The formula for MOI, moment of inertia, is mass (g) times distance (cm) squared. So you can increase MOI a little by increasing the mass; but a lot by increasing the distance of the mass from the axis of rotation. MOI divided by mass is radius of gyration squared (k2). This is a very simple calculation; and allows a direct measure of the effectiveness of the mass distribution in generating MOI.
The Scottsdale anser was an important improvement over the old blades; 19% more k2 (9.43/7.92) than the old blade. The Newport 2 was another important improvement; 30% more k2 (12.34/9.43) than the original anser style blade. But there is a limit to the improvement possible in the traditional geometry using the heavy steel base material. Steel weighs about 7.92 g/cm3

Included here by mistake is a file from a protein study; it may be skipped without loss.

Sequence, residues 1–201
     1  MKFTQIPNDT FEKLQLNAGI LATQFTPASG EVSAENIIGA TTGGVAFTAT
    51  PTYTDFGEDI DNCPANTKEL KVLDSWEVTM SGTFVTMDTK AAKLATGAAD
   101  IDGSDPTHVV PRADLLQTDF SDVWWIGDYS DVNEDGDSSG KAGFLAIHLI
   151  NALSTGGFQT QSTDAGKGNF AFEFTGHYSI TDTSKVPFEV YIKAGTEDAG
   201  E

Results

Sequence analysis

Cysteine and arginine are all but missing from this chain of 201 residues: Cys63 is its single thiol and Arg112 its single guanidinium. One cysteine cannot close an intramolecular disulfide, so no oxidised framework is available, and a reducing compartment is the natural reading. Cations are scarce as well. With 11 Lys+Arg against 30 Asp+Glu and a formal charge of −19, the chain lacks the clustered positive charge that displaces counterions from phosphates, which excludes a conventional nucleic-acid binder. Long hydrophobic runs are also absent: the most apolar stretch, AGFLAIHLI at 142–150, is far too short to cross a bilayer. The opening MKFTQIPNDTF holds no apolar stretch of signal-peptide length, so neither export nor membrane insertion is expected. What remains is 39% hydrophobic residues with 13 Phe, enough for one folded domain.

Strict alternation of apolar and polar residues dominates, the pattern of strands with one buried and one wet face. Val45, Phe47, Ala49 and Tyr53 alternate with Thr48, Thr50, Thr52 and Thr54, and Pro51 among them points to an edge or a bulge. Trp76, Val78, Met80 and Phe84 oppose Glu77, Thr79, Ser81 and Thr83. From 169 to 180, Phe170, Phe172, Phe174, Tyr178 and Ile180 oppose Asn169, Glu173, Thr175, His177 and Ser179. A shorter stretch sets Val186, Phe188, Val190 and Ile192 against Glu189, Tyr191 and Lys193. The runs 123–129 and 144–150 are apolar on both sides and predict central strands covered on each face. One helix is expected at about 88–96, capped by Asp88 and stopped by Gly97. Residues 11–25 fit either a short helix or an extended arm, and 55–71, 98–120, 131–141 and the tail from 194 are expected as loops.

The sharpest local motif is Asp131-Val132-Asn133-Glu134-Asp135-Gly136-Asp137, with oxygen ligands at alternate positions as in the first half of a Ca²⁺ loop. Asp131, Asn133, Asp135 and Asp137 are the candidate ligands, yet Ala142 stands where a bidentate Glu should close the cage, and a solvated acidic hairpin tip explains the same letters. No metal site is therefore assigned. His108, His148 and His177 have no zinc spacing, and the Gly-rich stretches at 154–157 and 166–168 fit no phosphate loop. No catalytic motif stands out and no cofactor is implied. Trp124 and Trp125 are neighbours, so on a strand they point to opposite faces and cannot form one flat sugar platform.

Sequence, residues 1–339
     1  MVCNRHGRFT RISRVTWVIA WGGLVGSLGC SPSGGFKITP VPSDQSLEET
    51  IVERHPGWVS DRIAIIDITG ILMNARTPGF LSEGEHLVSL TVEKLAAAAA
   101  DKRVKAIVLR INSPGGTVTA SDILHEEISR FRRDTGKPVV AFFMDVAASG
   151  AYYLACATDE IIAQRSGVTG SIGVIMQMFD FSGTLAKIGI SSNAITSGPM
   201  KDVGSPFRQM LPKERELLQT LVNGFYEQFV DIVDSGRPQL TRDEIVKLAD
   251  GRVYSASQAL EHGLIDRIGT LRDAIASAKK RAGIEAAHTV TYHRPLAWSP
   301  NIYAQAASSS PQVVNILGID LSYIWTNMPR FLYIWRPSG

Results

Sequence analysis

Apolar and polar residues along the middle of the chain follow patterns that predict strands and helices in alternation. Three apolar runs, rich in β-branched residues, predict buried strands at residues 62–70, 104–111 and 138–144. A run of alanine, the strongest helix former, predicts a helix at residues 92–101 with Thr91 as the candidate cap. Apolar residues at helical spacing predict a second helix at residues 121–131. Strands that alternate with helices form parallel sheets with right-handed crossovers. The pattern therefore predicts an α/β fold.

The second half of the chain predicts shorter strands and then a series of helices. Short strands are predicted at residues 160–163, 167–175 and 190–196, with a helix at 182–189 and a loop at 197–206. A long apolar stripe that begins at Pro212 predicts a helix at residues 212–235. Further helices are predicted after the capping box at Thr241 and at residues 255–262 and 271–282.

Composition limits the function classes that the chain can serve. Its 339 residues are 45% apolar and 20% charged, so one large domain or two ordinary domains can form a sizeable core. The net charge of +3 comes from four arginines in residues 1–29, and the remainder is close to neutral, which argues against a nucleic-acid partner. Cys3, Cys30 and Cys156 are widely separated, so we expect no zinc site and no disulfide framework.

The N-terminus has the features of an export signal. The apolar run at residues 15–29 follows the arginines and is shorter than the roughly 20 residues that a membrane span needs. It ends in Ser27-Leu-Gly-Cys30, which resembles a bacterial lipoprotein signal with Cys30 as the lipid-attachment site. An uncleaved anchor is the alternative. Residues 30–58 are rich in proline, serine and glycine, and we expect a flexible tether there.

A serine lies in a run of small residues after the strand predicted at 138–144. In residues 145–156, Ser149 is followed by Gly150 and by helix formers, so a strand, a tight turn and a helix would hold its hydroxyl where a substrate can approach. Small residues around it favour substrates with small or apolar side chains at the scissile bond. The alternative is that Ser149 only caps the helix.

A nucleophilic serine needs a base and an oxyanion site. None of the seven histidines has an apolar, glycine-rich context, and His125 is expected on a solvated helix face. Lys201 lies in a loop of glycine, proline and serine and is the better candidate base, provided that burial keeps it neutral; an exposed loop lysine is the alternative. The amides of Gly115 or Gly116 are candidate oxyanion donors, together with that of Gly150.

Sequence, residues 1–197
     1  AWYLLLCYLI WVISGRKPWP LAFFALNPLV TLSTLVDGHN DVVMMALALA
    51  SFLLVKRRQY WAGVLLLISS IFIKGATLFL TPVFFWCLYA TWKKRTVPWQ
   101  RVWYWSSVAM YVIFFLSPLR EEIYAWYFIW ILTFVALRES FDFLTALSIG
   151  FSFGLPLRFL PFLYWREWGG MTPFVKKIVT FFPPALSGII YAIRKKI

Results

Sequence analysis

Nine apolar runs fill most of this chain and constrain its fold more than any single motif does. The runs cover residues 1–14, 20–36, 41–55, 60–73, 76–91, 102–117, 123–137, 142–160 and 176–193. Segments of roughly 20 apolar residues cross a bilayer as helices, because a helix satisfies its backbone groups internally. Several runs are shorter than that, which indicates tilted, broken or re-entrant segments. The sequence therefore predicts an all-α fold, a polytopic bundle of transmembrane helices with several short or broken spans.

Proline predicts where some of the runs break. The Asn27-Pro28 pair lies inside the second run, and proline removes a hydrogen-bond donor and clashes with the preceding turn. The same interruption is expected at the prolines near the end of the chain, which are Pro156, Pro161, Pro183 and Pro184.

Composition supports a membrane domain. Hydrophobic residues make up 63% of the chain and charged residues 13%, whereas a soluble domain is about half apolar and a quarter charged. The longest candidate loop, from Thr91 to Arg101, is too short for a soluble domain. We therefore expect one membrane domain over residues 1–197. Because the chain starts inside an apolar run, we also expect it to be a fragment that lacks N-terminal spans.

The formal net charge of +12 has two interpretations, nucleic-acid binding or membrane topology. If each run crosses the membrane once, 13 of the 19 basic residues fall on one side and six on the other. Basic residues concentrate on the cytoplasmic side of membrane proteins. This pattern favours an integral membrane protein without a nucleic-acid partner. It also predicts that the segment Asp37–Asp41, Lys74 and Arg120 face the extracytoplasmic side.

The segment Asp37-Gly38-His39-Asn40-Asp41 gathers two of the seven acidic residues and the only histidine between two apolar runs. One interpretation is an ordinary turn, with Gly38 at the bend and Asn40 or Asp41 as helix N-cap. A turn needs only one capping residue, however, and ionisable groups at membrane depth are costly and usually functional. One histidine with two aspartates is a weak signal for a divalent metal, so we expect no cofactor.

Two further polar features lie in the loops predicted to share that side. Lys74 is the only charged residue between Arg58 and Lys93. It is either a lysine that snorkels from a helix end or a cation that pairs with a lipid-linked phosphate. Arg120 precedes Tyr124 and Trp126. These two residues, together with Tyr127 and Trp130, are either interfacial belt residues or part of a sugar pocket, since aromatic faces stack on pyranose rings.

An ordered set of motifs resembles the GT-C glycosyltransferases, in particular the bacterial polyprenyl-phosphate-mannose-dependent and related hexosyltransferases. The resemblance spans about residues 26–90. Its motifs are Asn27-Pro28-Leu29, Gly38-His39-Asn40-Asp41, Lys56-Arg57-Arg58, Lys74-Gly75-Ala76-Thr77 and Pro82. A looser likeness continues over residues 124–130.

The CURE TX1 develops 40% more k2 (17.41/12.34) than the Newport 2 by using lightweight aircraft grade aluminum as a base material. The aluminum weighs only 2.72 g/cm3 (and feels great!). By using tungsten weights in the toe and heel, the TX1 develops the MOI of a large high mallet in a blade.
The CURE RX5 uses the same aircraft grade aluminum but in a 6” wide putter; developing levels of MOI, STABILITY and forgiveness never before seen.